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Celebrities Vow to Give up Foreign Passports to Remain in China Market — Radio Free Asia

Two artists who have a large fan base in China have announced that they will be giving up their existing nationality to become Chinese citizens amid an expanding cleansing of celebrity culture by the ruling Chinese Communist Party (CCP).

Hong Kong-born action film actor Nicholas Tse told state broadcaster CCTV on Sunday He said he was about to give up his Canadian citizenship amid rumors that a number of famous names in China are under pressure to do the same.

In a video clip from the CCTV6 show The Blue Feather Lounge, Tse, who has dual citizenship since his parents moved to Vancouver in 1987, can be seen saying he feels “responsible” about Chinese culture all over the world Spread the world.

“I was born in Hong Kong so I am originally Chinese,” he said. “I actually started the application process to give up my Canadian citizenship.”

Rumors have been circulating on Chinese social media platforms since last week that the State Radio, Film and Television Administration (SARFT) listed seven top celebrities, including Tse, who are foreign nationals but born in Hong Kong or China.

According to unconfirmed reports, the list also includes Jet Li, Zhang Tielin, Crystal Liu, Will Pan, Wang Lee Hom, and Mark Chao.

An officer who answered the phone at SARFT Monday urged RFA to search “the relevant laws and regulations” online, but at the time there were no rules on celebrity nationalities visible on its official website.

Taking action against celebrity culture

Now a singer, actress and broadcaster Maria Cordero, known as Fat Mama, said she would likely renounce her Portuguese citizenship as well.

“If you really want to work in mainland China, this is it,” Cordero told RFA. “If you work there, you should become a Chinese citizen. I have no problem with that.”

She said she knew from reports that Tse is giving up his Canadian citizenship.

“I think they will all do this one at a time,” said Cordero. “Unless they decide they don’t want to make that much money anymore.”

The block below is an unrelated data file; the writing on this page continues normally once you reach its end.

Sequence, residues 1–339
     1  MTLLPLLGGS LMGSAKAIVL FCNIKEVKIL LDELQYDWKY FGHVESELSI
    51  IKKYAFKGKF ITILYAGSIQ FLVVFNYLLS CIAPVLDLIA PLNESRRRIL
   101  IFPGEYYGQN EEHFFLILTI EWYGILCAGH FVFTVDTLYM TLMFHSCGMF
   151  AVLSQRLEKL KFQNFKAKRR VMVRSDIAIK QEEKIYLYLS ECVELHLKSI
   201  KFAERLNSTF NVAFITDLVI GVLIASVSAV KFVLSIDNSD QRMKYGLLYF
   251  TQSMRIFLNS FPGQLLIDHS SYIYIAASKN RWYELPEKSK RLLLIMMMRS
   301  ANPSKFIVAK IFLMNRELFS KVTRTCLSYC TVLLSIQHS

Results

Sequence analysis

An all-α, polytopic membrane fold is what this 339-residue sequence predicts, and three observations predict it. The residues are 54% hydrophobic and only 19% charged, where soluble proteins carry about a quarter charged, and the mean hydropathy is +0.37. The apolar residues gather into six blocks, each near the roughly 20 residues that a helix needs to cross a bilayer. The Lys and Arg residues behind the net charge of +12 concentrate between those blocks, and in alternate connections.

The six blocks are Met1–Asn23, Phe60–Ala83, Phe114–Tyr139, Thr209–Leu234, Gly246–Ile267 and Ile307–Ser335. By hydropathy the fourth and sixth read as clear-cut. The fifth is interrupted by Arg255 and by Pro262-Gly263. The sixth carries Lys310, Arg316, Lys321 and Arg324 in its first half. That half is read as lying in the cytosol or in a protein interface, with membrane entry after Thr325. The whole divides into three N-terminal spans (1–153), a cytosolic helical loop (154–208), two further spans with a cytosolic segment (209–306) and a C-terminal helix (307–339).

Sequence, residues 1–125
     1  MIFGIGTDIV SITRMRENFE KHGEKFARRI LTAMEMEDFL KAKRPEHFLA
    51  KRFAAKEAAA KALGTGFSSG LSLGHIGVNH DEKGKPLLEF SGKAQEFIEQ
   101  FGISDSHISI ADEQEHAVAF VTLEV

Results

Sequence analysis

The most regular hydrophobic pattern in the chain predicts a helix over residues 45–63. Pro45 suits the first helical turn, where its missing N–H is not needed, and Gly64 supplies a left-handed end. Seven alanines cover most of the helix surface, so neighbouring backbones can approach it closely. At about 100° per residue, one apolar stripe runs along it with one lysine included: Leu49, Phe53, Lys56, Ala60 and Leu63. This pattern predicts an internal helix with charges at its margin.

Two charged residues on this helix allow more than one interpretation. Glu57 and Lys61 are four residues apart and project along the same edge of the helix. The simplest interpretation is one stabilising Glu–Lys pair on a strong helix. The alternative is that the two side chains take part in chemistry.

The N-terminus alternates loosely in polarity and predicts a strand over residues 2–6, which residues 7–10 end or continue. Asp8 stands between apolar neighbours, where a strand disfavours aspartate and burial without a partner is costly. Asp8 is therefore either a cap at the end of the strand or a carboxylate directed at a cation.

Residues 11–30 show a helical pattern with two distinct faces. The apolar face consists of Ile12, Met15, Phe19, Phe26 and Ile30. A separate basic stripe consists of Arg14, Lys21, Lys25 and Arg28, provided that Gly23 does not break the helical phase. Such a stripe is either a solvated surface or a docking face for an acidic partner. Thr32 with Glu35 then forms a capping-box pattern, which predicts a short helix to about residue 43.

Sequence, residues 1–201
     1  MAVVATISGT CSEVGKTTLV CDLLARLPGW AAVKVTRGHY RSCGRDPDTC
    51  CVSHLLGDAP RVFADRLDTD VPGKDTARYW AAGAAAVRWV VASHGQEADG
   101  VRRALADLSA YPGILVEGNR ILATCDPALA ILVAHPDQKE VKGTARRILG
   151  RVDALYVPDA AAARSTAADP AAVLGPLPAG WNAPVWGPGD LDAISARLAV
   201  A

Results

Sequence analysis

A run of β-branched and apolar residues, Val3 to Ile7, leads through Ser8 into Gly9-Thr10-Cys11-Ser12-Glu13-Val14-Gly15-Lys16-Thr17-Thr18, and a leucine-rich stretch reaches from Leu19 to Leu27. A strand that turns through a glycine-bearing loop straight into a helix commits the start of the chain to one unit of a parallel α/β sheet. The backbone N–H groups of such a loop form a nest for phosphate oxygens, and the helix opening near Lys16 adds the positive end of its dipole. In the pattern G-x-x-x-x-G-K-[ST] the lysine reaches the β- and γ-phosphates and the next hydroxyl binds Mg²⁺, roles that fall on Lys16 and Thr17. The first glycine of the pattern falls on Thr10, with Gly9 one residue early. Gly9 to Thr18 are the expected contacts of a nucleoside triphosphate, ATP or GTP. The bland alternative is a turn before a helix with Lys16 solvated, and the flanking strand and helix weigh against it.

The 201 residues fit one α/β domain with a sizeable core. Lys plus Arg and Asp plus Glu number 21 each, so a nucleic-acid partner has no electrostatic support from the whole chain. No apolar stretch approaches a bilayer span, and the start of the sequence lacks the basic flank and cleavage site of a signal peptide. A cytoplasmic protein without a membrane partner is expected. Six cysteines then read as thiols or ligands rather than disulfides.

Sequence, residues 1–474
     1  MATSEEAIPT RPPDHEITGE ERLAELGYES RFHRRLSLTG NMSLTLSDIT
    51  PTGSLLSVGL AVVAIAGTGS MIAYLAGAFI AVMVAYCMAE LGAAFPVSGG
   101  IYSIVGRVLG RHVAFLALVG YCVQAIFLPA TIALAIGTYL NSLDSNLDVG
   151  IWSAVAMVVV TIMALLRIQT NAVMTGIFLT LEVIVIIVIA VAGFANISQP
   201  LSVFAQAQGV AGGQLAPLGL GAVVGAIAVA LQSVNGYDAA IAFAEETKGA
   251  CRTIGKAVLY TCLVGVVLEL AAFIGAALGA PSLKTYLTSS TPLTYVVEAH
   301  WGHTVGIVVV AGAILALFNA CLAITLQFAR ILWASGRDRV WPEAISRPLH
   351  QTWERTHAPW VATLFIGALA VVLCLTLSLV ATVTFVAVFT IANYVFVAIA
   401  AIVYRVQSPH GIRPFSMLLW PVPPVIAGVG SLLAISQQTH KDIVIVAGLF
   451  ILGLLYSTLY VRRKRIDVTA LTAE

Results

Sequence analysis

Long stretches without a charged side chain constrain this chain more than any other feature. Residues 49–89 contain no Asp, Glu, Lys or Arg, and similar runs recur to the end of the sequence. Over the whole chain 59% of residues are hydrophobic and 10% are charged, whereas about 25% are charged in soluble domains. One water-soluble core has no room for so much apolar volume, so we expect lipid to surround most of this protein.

Tse’s move comes amid an increasing fight against celebrity culture under CCP General Secretary Xi Jinping, with a series of new regulations out of Beijing in recent weeks targeting “recalcitrant” fan behavior, “sissy” male stars, and warnings that celebrities who ‘Failure to take a proper stance on China will no longer be welcome in its increasingly state-controlled markets.

The SARFT recently banned stars with “wrong political positions”, unethical behavior and “feminine” masculine styles from TV shows and movies after a series of scandals of sexual assault, tax evasion and behavior classified as “unpatriotic” by the CCP.

Artists who are “alienated from the CCP and China” were among the categories prohibited from appearing in films and television programs, along with those who “violate social justice standards” or “violate public order and ethics “.

The government also banned TV talent shows associated with the use of social media to encourage fans to spend money to improve the ratings of their favorite candidates.

The SARFT also proposes “feminine” masculine styles as well as shows revolving around scandals, ostentatious wealth and “vulgar” internet celebrities. It warned broadcasters to focus on building “positive energy” instead.

Translated and edited by Luisetta Mudie.

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